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As I walked in the courtroom, the benches in the gallery were full of people. One could feel the tension between the lawyer and the witness, Nicole’s landlord. The lawyer was annoyed that the witness was so inconsistent with his testimony: the latter had read and approved a certain police transcript four times in the past, but now claimed it was not accurate. From the tone of the questioning, it was clear that this was the prosecutor’s cross-examination. I thought the prosecutor did an excellent job because he was passionate and conveyed his dislike for the witness to the observers. The defense was too indifferent, so his point did not come across. During the second witness’s direct examination, the prosecutor persuaded me that Nicole made an “it wasn’t me” hand gesture in the night of the arson.

It was interesting to observe the interaction between the different players in court. The judge granted the lawyers permission to approach the witness stand. The court reporter sat almost invisible throughout the trial. The deputy hastily swore in Michael without any of the solemnity that movies portray. I though the trial was much less formal than what I had expected. The lawyers spoke in a simple way. There was nothing too eloquent or clairvoyant about their questions.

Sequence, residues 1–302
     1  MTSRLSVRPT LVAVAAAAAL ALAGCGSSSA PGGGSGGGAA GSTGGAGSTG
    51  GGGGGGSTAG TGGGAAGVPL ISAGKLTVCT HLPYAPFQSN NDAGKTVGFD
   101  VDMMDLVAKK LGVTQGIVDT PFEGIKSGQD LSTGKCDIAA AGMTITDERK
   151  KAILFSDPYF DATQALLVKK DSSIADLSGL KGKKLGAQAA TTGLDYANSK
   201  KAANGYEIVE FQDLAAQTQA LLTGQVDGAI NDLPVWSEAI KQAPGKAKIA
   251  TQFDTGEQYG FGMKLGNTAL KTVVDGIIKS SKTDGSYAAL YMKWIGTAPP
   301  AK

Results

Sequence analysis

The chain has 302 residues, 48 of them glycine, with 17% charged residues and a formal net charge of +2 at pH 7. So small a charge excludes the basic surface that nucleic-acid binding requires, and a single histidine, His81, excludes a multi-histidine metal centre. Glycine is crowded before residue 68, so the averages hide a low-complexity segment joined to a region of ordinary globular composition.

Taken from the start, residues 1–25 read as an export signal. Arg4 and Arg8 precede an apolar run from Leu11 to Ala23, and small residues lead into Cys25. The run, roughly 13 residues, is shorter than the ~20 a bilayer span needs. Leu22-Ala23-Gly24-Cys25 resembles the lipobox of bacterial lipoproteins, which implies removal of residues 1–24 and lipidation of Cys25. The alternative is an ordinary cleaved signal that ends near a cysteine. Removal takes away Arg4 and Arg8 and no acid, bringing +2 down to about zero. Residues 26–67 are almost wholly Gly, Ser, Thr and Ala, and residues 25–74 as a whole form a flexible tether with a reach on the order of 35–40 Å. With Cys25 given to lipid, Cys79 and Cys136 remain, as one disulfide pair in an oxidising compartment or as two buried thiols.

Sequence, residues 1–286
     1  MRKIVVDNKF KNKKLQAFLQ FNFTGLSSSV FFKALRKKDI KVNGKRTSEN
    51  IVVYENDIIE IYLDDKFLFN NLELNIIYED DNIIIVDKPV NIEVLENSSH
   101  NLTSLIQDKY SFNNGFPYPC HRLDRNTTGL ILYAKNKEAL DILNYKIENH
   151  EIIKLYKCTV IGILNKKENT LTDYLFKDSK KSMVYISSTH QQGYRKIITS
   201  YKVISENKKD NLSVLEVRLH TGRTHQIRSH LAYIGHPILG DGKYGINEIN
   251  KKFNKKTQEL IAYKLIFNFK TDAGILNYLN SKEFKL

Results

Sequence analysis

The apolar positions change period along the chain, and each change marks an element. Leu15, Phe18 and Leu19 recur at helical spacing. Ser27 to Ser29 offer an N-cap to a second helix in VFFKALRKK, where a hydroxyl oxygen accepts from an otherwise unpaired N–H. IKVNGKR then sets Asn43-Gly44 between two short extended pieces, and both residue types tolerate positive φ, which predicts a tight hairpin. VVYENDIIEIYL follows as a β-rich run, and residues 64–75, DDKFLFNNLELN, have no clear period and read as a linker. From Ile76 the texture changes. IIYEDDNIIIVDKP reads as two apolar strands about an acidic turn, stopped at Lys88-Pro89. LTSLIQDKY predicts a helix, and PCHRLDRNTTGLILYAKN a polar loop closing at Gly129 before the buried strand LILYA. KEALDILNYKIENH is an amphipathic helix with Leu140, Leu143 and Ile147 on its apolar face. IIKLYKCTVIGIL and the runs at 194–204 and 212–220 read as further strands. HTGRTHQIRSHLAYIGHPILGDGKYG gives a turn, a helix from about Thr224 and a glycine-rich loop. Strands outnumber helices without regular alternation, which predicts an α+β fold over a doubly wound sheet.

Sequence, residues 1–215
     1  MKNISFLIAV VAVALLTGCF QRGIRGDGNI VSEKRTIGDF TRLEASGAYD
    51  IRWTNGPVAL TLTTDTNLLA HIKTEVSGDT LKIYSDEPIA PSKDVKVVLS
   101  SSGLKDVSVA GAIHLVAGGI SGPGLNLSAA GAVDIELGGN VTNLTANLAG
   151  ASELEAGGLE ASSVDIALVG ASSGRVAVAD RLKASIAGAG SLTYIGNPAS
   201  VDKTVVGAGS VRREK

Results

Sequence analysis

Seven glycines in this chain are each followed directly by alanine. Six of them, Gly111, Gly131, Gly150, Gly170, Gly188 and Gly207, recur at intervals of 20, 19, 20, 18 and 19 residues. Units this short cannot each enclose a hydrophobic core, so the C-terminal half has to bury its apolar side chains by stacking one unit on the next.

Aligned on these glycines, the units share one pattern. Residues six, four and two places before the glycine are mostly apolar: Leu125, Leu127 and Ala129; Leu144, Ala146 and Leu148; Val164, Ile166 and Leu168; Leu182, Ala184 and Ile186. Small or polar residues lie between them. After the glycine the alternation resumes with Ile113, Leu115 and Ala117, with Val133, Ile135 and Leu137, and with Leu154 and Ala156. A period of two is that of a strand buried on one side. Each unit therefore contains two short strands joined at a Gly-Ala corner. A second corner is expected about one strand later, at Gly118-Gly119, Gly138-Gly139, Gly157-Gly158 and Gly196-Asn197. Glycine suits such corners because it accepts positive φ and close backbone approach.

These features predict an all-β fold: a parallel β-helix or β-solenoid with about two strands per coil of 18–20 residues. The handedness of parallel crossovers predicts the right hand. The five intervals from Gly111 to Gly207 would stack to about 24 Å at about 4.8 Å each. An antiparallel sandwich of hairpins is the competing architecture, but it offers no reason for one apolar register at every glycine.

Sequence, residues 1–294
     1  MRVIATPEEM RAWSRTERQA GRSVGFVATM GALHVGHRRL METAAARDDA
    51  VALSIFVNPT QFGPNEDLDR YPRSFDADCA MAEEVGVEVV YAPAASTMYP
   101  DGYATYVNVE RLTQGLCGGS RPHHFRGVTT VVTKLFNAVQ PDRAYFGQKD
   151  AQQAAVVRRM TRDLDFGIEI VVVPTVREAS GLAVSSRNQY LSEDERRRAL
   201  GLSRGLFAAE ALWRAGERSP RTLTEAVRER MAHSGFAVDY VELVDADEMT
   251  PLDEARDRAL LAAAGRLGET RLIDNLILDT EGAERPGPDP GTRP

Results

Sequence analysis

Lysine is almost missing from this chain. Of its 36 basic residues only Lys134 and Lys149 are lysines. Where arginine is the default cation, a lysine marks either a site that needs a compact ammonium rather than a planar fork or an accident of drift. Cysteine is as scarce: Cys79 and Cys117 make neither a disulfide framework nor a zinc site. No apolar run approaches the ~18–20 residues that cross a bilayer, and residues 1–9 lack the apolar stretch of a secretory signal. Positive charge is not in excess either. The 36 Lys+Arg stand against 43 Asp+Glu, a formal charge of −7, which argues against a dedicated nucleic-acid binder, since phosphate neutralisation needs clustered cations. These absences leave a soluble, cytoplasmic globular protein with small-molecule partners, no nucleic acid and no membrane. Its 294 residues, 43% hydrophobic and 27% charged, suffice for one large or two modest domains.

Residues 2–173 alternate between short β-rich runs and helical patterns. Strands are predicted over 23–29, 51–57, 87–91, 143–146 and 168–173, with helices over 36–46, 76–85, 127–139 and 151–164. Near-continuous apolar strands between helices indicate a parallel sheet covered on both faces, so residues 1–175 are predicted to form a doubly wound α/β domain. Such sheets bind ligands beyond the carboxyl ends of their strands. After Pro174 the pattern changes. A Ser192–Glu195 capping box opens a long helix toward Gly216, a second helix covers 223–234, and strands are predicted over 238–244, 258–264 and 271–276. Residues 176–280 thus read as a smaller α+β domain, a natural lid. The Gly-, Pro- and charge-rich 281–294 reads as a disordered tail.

The defendant, Nicole Chuminski, to my surprise, was in the room! She was sitting behind the defense’s table, but she seemed so reserved and civil that at first I thought she was a second lawyer. I would have never assumed that she was the woman who, in April 2008, had set her girlfriend’s, Anna Reisopoulos’, house on fire and burned her two children to death. I was surprised she did not wear handcuffs or that she did not explicitly react to anything.

Finally, now that I have observed a trial, the court seems way less like an omnipotent and unattainable institution to me. Now I know that the court is quite reachable and straightforward, so that it may be of service to all people, not only high-profile attorneys.


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